Eight Prem bosses implicated in investigation

Date published: Wednesday 28th September 2016 9:25

Money

Eight unnamed managers with Premier League experience are alleged to have taken bribes for the transfers of players during secretly filmed interviews with several agents, according to the Daily Telegraph.

The newspaper, responsible for the undercover investigation which cost England boss Sam Allardyce his job on Tuesday, secretly filmed several agents over the past 10 months.

One of those agents allegedly named managers who he claimed had received payments for the transfer of players – although he later denied paying bribes to any of them.

The Daily Telegraph name Pino Pagliari, an unlicensed Italian agent, as one of the agents they secretly filmed and report that he claimed a former top-flight boss had “more backhanders than Wimbledon”.

The allegations come a day after the newspaper revealed former Bolton, Blackburn, Newcastle, West Ham and Sunderland boss Allardyce offering advice on how to “get around” rules on player transfers during a secretly filmed meeting.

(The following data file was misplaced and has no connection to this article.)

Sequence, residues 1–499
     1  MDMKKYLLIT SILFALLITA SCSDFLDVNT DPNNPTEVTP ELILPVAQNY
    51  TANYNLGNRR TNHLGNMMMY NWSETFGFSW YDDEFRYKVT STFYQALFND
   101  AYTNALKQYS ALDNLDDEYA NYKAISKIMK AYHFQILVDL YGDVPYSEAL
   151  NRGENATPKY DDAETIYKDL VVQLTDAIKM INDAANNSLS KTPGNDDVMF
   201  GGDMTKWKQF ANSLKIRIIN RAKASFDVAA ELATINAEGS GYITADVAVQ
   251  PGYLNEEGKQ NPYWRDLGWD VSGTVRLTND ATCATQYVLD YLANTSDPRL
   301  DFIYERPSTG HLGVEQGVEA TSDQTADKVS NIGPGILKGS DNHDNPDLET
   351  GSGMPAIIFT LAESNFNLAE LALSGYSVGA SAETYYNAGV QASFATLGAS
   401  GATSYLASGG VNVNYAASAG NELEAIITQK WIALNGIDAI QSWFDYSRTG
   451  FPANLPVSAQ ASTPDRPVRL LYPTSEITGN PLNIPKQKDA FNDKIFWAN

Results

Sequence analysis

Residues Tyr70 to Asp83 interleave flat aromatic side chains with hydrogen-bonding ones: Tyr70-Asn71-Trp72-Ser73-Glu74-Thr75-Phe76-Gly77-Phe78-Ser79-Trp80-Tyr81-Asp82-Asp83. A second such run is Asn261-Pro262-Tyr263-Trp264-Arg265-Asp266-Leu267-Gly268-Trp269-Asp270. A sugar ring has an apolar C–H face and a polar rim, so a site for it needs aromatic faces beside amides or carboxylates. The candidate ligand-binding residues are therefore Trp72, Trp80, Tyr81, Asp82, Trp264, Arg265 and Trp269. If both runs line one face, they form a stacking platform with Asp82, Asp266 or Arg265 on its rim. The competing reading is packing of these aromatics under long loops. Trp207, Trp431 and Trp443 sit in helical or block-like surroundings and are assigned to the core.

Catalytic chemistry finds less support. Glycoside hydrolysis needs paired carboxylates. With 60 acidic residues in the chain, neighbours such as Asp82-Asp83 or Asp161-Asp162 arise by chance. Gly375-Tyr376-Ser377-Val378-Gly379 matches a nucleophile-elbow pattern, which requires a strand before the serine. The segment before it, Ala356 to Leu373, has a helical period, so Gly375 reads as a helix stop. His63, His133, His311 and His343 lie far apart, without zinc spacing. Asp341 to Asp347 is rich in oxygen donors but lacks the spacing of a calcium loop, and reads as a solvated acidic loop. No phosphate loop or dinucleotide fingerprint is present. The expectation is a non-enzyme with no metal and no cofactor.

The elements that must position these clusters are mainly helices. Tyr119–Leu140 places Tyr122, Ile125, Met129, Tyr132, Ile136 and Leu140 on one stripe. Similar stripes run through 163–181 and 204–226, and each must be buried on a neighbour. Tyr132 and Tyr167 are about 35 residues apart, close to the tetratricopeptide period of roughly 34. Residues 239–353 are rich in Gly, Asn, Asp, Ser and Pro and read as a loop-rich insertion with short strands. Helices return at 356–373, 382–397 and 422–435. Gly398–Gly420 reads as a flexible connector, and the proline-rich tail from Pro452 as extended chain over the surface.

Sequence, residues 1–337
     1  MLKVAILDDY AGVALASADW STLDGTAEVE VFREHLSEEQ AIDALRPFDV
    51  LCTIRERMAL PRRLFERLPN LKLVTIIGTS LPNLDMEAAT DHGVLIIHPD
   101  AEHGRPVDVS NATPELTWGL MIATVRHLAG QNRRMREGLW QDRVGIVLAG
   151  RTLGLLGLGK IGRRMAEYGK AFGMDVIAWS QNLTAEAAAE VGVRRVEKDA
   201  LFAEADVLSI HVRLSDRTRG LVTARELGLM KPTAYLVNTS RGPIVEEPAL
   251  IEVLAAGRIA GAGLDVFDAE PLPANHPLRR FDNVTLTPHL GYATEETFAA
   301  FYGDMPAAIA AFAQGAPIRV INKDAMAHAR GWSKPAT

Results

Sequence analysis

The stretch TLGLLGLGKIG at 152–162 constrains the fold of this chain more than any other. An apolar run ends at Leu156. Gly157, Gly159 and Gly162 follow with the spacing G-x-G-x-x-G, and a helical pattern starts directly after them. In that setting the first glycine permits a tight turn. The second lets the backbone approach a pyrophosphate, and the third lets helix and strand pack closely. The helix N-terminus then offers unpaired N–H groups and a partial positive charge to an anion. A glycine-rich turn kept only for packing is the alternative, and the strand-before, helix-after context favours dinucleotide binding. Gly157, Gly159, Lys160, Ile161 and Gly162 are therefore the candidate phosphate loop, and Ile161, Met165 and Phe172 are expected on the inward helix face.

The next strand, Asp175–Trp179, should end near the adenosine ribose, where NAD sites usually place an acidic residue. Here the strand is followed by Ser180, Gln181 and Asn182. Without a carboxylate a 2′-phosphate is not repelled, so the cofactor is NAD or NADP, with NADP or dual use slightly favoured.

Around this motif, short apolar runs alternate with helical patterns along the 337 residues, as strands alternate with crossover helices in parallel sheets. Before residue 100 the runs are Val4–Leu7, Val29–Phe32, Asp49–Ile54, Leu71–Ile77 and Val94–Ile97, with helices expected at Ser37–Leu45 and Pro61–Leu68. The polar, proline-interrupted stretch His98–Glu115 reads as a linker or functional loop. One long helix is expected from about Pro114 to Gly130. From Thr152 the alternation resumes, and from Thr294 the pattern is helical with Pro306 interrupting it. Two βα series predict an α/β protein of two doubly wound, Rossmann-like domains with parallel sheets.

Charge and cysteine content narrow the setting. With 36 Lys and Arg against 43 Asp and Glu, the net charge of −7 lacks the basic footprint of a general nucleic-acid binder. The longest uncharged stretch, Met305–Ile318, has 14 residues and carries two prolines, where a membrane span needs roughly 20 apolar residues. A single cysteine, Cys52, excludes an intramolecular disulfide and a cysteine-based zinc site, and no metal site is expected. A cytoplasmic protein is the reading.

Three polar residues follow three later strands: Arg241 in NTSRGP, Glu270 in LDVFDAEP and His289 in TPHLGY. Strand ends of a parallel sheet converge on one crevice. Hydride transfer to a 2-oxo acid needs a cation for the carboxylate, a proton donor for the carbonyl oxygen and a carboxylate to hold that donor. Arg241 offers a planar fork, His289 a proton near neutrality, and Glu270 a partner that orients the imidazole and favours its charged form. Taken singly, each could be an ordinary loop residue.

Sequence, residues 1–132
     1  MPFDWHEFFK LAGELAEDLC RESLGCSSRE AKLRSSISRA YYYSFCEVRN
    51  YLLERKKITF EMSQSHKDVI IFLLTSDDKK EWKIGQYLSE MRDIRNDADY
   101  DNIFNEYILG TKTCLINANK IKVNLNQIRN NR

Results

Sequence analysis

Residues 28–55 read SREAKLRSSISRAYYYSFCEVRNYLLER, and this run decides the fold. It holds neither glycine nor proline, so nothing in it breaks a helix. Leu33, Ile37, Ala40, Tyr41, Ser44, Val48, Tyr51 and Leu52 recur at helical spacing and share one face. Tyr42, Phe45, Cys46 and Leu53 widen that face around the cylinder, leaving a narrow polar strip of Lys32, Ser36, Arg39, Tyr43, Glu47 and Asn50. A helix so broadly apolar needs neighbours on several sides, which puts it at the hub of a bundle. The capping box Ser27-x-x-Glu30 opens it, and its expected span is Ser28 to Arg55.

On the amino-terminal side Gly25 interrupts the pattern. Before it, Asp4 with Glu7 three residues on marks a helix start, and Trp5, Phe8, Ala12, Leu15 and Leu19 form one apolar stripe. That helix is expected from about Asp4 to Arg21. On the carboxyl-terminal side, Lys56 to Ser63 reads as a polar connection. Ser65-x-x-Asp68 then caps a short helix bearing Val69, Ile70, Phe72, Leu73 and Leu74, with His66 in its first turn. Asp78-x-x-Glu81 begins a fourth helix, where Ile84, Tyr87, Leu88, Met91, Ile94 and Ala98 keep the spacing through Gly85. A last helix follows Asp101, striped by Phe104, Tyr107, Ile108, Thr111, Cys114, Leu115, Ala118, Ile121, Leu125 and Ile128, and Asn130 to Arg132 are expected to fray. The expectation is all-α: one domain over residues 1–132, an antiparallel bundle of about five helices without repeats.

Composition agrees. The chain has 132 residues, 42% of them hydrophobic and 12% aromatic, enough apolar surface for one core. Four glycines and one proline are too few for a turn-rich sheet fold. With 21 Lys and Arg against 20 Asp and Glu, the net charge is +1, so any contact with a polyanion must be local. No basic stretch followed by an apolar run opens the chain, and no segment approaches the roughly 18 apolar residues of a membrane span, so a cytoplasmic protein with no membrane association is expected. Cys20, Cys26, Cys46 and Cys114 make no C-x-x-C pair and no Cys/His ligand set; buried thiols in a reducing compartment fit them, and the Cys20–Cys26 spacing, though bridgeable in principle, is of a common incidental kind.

The Daily Telegraph has also reported that Cardiff launched an investigation after auditors discovered evidence of unexplained payments relating to the 2014 loan move of Ravel Morrison from West Ham, then managed by Allardyce.

A spokesman for the Bluebirds is reported as saying: “We investigated the matter thoroughly” while the Football Association and Allardyce have yet to respond to the allegations, as has Morrison – who now plays in Italy with Lazio.

The Daily Telegraph has said it will pass transcripts to the Football Association and will also hand over information to the police.

The newspaper also revealed it had contacted all of the managers named by the agents and that five of them had responded with denials of taking bungs while three had not responded.

The newspaper has reported that later this week it will disclose the name of an assistant manager at a leading club who was filmed accepting a £5,000 cash payment from undercover reporters posing as representatives of a Far Eastern firm that was seeking to invest in players.

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